Later, I would learn from my pediatrician and a lactation consultant that the IV fluids I was on during the delivery caused my baby to appear to be well-hydrated with plenty of dirty and wet diapers. I also learned that magnesium could take up to a week to leave the baby’s system, which is why she never really woke up to nurse.
Once we got home, I kept trying to nurse her, but I felt so confused. She never really latched on, or she would fall asleep instantly. Every two to three hours I would try to nurse her for an entire 20 minutes, but the entire time consisted of me unlatching and re-latching her, or using all of the tricks I was taught to wake her up. My neck and shoulders ached from looking down at her.
I am fortunate to have a sister who had a baby only five weeks before I did, and we FaceTimed each other with our babies. She used her baby boy to demonstrate ways to get my baby to open her mouth and latch on.
I was constantly worried my daughter was not getting enough to eat, but I thought I was just being consumed by the typical worries of a first-time mother. The well-meaning mothers around me reassured me that everything was fine, saying things like “Don’t worry about nursing, it comes naturally, and they need so little in the beginning,” or, “I wouldn’t try to pump and feed her, it will only confuse her and make you worry about your supply.”
So, we pressed on, and I tried to do my best not to worry and trust that she was ok. After all, she was sleeping and content, and a hungry baby is supposed to cry, right?
The First Pediatrician Appointment
In New Jersey, it is standard practice to take your newborn to the first pediatrician appointment three days after delivery (Is this the case everywhere? Let me know!).
My husband and I headed to the doctor with our tiny baby in tow. She weighed 6 pounds, 15 ounces at the time of delivery and hadn’t lost too much when we left the hospital. But, as we put her in her carseat to go to the doctors, I remember worrying that she looked too small, and that she looked slightly yellow.
The doctor confirmed my worst fears. Her weight had dropped to just under 6 pounds. He weighed her, looked at her for one minute, left the room and came back with 6 bottles of formula.
When he said he wanted me to give the baby formula, I immediately asked if I could instead pump and bottle feed her since my milk had come in the night before. I knew that if I didn’t pump, my supply would go away, and I would have to give formula from then on.
The pediatrician told me that I was starving my child. He pointed out that her skin was jaundiced, and that she was crying (but only when her clothes were taken off to be weighed, mind you). He told me that I was starving my child and that I had to give my baby formula. I broke down crying, right there in his office.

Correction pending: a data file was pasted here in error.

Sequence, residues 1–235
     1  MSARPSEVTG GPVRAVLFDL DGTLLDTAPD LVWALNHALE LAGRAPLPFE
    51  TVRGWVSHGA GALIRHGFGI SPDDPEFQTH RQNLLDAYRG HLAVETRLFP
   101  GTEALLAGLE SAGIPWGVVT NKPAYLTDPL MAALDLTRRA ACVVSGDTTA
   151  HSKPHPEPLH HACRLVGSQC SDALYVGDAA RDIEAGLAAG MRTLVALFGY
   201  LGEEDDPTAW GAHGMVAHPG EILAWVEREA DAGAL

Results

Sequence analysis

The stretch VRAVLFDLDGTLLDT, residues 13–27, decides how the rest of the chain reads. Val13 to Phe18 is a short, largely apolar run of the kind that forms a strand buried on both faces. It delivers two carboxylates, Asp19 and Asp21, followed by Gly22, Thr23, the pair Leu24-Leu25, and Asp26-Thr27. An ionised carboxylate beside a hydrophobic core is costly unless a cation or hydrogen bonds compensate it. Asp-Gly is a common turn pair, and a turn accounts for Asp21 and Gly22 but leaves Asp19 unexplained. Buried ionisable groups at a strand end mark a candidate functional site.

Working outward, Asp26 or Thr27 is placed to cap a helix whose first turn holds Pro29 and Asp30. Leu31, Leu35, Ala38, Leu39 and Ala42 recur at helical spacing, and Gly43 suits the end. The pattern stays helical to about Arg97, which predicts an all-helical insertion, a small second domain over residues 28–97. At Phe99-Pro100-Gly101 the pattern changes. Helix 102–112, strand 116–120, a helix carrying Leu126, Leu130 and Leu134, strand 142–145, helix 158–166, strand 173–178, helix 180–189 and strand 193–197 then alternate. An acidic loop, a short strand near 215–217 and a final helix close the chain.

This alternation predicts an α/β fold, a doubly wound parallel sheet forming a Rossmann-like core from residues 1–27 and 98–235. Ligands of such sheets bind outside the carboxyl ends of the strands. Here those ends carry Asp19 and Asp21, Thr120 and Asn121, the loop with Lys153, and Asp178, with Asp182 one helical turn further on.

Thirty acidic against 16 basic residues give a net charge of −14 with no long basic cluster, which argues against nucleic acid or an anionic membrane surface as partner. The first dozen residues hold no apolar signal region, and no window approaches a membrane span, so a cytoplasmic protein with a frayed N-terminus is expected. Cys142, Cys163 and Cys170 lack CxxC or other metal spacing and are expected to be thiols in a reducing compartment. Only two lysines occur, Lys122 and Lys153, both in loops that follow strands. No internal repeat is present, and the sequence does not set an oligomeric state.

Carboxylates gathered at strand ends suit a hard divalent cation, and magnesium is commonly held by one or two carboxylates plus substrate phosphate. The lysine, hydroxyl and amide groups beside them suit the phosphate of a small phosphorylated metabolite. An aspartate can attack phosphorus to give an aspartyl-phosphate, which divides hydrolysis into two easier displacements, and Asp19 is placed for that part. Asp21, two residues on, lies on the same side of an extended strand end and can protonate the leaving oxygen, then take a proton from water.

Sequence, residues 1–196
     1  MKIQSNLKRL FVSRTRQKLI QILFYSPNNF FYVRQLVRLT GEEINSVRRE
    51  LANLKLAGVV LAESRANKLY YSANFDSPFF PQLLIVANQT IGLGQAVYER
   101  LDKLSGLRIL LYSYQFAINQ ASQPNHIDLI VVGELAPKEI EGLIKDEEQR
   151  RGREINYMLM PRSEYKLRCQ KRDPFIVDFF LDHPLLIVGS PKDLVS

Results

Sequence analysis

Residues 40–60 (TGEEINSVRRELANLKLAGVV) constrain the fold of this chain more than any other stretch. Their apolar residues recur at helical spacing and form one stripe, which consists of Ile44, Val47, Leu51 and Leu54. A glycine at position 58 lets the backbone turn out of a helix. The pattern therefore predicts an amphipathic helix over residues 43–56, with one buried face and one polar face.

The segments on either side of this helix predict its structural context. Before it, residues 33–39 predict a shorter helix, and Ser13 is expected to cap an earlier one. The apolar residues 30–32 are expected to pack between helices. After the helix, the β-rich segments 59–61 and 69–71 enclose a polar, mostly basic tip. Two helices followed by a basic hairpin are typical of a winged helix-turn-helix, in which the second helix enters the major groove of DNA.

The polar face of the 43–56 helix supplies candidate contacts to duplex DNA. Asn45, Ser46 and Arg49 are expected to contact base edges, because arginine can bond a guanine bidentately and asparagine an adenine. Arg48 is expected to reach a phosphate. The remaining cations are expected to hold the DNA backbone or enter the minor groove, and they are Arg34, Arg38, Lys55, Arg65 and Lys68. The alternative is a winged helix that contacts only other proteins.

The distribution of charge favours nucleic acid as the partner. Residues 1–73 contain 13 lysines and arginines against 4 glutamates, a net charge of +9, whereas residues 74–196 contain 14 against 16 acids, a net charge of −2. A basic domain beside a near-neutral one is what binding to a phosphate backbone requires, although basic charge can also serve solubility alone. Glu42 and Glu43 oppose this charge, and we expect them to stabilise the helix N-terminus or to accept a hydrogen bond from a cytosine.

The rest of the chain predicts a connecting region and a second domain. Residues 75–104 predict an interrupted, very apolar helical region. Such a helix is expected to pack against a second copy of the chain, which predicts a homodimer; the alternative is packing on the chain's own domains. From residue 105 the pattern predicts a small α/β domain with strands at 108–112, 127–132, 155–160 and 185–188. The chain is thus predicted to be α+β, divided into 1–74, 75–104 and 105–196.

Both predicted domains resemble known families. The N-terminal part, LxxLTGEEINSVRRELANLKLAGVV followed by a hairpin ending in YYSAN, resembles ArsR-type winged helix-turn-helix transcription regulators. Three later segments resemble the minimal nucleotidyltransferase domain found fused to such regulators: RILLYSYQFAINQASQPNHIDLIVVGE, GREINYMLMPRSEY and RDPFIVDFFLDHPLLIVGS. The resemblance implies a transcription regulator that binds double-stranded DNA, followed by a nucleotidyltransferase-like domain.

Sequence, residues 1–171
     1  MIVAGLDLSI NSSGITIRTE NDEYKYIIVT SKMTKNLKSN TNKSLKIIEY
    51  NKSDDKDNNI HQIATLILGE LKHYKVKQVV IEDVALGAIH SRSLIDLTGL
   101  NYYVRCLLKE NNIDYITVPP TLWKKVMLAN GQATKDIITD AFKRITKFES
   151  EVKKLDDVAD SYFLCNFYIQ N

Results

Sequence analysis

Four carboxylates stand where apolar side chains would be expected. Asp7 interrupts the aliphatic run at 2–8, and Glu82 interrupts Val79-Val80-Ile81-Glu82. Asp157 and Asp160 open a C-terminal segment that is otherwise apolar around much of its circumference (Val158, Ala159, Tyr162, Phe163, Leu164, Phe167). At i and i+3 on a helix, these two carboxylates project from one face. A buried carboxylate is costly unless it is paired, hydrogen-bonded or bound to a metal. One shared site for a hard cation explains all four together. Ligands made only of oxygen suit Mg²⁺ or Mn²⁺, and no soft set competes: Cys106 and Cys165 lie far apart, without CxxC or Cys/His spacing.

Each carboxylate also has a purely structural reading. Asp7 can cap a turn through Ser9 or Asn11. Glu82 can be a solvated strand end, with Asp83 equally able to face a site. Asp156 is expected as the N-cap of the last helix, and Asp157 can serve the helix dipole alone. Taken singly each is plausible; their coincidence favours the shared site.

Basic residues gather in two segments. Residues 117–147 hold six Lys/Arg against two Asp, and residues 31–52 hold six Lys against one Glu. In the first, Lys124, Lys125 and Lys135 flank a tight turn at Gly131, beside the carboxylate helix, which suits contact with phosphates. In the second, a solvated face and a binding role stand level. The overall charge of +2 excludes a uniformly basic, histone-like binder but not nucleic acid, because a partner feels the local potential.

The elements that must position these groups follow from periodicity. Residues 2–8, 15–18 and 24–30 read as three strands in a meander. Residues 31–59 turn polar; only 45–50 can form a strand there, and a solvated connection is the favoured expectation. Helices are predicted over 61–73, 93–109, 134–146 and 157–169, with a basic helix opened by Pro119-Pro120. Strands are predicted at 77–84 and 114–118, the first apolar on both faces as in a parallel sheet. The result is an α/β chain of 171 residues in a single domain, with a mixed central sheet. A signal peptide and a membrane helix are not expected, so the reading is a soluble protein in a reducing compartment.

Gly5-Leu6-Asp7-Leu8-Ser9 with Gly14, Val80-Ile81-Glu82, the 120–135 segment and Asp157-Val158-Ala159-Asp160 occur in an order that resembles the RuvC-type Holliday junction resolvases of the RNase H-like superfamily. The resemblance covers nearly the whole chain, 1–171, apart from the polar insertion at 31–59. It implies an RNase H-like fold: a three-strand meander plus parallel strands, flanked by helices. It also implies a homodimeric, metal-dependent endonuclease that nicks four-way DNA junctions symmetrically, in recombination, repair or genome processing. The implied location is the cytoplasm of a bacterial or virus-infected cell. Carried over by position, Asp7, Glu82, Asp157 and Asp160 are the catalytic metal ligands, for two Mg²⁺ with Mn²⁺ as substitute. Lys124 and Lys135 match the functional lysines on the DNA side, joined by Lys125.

Let me pause here and say that this was a particularly terrible pediatrician experience. I truly hope and pray that no mother has to hear this from a pediatrician, because it gave me a complex for months that I wasn’t feeding my baby enough. Breastfeeding is difficult enough as it is, and I would encourage all expecting mothers to find a pediatrician that encourages breastfeeding and follows the AAP recommendation that breastmilk should be the primary form of nutrition for the first six months.
The First Lactation Consultant
After we got home from the awful experience that was the pediatrician, and after crying all over again while talking to my mom about what happened, I felt even more lost than I did before.
Now I knew there was a problem with my baby’s weight and that she wasn’t getting enough. But I was confused and scared. There were six bottles of formula, sitting in a black garbage bag, staring at me in the corner of the room.
I obviously wanted my baby to be fed. I also wanted what was best for her long-term, which I strongly believed was breastmilk, not formula. My husband suggested that we call someone for help. So, we rifled through the stack of papers from the hospital and found one that had a list of phone numbers of breastfeeding resources, including one on-demand free lactation consultant service.
I was able to get in contact with someone within an hour. It was the opposite of the experience I had with the pediatrician. She asked me questions about the birth and about everything we had tried so far regarding nursing. She took the time to listen to my concerns, questions, and viewed my baby as an individual rather than a number on a scale.
The consultant explained all of the factors that had likely played a part in my baby having trouble feeding. Magnesium can take up to a week to leave an infants system, and after my baby’s weight dropped below 6 pounds, she didn’t have the energy to sustain herself through an entire nursing session (similar to premies in the NICU). She also said that the doctor should have been following the AAP recommendation that infants are breastfed until 6 months old, and that if he was truly worried about her weight, he should have sent us back to the hospital, not home with formula.